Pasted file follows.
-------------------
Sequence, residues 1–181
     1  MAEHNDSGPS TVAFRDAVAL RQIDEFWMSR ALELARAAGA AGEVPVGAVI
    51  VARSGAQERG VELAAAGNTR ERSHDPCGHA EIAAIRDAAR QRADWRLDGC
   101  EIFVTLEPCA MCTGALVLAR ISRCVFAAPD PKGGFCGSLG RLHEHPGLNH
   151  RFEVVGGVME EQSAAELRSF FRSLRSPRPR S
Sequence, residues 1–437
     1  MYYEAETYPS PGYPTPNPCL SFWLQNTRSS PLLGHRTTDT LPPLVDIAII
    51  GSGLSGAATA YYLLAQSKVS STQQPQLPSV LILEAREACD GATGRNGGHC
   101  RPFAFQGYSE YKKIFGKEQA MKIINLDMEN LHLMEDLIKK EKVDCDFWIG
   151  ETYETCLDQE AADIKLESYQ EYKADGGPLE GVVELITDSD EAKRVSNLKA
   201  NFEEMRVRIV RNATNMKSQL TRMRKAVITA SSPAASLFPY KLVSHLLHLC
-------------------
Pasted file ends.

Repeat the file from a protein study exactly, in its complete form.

Sequence, residues 1–181
     1  MAEHNDSGPS TVAFRDAVAL RQIDEFWMSR ALELARAAGA AGEVPVGAVI
    51  VARSGAQERG VELAAAGNTR ERSHDPCGHA EIAAIRDAAR QRADWRLDGC
   101  EIFVTLEPCA MCTGALVLAR ISRCVFAAPD PKGGFCGSLG RLHEHPGLNH
   151  RFEVVGGVME EQSAAELRSF FRSLRSPRPR S
Sequence, residues 1–437
     1  MYYEAETYPS PGYPTPNPCL SFWLQNTRSS PLLGHRTTDT LPPLVDIAII
    51  GSGLSGAATA YYLLAQSKVS STQQPQLPSV LILEAREACD GATGRNGGHC
   101  RPFAFQGYSE YKKIFGKEQA MKIINLDMEN LHLMEDLIKK EKVDCDFWIG
   151  ETYETCLDQE AADIKLESYQ EYKADGGPLE GVVELITDSD EAKRVSNLKA
   201  NFEEMRVRIV RNATNMKSQL TRMRKAVITA SSPAASLFPY KLVSHLLHLC